Russell Cavanagh - Founder, Trustee and Local Legend
Updated: Nov 5, 2021
Russell is at home on the water.
Alongside his tireless work for the Rivercare Group, he is Club Captain of the Waitematā Canoe and Multisport Club, and he has spent many happy hours exploring the twists, turns, and tributaries of Te Wai o Pareira/Henderson Creek.
Deeply invested in her well-being, Russell is very much our organisation's 'eyes on the awa'.
"Being on the river in a kayak, one gets to see and experience both the beauty and the many challenges it faces."
It was Russell’s observation of raw sewage flowing into Huruhuru creek, a tributary of the awa, back in October 2018 that sparked the genesis of the Rivercare Group.
Noticing a brown, frothy trail, he discovered a significant discharge spurting into the water from a ruptured sewerage transmission line. Visible only at low tide, it could easily have gone undetected.
Phone calls to Watercare and Healthy Waters ensued. When dealing with agencies, Russell deploys his renowned superpowers of dogged persistence and relentless attention to detail.
Keeping notes of every interaction with those charged with caring for our sewerage and stormwater meant he could later challenge their claims that the rupture had been repaired and the site cleaned up. Unable to let the matter rest, he returned to the area repeatedly to take photos and document progress, finding those claims less than accurate.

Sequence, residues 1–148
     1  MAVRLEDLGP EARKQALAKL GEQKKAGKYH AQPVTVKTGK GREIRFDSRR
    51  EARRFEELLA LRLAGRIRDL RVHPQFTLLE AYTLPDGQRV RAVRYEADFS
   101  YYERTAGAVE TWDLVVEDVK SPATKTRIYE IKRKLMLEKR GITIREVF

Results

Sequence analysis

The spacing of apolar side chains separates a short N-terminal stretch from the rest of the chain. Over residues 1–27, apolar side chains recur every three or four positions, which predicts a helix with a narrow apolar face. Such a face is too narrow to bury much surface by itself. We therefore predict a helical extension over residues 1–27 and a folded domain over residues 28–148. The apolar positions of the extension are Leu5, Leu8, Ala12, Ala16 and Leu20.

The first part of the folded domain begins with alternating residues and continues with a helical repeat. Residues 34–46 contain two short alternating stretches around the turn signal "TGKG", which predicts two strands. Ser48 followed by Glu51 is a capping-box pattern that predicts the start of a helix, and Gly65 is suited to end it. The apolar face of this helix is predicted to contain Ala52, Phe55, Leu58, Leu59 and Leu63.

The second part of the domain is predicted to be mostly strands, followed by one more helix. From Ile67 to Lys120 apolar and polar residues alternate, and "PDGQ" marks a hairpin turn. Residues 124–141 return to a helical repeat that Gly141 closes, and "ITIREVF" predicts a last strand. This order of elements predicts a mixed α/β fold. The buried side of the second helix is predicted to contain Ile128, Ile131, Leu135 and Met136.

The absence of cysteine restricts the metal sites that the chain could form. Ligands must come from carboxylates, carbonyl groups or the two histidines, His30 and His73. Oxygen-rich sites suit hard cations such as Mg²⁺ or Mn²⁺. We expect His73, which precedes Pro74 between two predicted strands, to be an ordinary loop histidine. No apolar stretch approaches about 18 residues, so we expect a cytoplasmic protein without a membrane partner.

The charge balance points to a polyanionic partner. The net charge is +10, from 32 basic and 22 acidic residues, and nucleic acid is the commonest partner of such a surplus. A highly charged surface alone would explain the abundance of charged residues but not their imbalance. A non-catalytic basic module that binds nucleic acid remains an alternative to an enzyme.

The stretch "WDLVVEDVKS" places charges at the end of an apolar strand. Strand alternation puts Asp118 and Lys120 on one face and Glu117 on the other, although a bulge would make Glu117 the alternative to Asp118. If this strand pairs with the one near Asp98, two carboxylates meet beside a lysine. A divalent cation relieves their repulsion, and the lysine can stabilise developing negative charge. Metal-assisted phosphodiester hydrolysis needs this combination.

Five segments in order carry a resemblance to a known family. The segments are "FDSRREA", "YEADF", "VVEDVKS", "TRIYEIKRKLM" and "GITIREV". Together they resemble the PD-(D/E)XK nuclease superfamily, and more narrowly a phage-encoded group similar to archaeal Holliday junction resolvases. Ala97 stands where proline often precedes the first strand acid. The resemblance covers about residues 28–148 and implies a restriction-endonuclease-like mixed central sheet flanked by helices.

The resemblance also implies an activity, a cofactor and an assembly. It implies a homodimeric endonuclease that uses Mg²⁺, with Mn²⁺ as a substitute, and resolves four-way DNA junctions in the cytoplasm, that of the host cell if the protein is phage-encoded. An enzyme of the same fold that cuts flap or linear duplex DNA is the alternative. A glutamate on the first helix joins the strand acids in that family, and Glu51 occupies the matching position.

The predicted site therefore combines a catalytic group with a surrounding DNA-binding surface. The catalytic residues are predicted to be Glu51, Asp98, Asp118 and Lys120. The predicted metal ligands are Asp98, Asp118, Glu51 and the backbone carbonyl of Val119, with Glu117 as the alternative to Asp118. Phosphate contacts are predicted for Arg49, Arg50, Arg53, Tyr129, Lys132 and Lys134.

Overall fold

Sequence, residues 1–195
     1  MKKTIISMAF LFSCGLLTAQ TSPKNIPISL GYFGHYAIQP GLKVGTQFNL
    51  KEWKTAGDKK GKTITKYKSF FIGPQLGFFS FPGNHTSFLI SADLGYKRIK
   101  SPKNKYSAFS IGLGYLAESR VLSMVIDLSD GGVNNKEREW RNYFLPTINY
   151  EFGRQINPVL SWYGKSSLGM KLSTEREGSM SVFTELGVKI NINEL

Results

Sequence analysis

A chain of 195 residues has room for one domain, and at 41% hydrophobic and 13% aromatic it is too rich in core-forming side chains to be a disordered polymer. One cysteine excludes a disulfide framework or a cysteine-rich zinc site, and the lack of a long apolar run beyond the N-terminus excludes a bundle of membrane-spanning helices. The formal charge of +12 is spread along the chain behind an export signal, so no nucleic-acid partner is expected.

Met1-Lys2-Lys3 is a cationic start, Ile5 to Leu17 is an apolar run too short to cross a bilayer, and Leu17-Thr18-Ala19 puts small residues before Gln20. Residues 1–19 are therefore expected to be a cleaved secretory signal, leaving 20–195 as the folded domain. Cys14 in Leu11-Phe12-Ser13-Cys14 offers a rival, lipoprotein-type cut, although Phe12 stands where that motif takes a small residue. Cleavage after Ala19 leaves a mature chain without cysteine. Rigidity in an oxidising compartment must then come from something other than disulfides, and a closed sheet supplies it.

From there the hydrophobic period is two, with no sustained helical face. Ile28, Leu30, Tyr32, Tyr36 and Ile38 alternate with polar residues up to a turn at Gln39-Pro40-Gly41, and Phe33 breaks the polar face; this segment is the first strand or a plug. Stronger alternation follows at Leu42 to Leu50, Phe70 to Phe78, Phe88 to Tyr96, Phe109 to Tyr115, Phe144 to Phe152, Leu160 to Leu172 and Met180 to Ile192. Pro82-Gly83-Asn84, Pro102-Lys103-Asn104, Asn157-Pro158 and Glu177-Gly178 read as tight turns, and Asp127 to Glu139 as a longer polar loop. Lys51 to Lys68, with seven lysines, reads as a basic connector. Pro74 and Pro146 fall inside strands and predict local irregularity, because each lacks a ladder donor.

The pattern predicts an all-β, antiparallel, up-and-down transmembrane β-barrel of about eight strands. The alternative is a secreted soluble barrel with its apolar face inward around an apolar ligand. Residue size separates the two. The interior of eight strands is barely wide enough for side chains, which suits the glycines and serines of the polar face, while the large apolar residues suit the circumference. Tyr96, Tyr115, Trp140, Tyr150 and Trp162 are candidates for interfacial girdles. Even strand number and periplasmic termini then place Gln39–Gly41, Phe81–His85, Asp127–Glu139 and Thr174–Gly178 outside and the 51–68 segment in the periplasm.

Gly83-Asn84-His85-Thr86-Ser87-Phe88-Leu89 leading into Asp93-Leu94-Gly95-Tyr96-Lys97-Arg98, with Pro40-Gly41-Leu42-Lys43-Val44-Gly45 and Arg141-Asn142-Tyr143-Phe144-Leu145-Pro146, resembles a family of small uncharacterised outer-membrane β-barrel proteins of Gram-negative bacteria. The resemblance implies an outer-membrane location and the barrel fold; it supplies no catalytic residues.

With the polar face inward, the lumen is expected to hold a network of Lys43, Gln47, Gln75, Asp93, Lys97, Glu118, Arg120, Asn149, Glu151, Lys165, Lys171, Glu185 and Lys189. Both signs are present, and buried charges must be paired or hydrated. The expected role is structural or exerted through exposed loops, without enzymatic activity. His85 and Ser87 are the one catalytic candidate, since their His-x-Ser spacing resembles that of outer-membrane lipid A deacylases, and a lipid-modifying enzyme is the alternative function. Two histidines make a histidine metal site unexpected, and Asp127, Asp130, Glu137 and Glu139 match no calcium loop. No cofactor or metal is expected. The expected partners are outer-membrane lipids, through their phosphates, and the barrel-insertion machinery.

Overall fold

Meanwhile, just 1.3km downstream at Taipari Strand our community was swimming, water-skiing, rowing, kayaking, sailing, and fishing with no idea that many thousands of litres of raw sewage were spilling into the water.
Concerned about the lack of public notification and the negative health effects of exposure to raw sewage, he felt motivated to share the information he had gathered on the Te Atatū Peninsula community FaceBook page.
At that time Russell did more to effectively notify and protect the community than the agencies tasked with the responsibility. His findings also illustrated a fragmented and ineffective response. In reporting back to the community, we were alerted not only to the event itself but also to the problems created by the overloaded and failing sewerage infrastructure that runs alongside and underneath our precious natural taonga. Those actions ultimately connected a group of locals who shared concerns about the health of the awa and all those who live and play around it.
A public meeting was held, and Rivercare Group Te Wai o Pareira was formed.
Outside of lockdowns, Russell continues to get out in his kayak, keeping an eye on the awa, collecting litter, reporting pollution events, and contributing to the mahi of the group.
Our community owes a debt of gratitude for his work on behalf of the awa.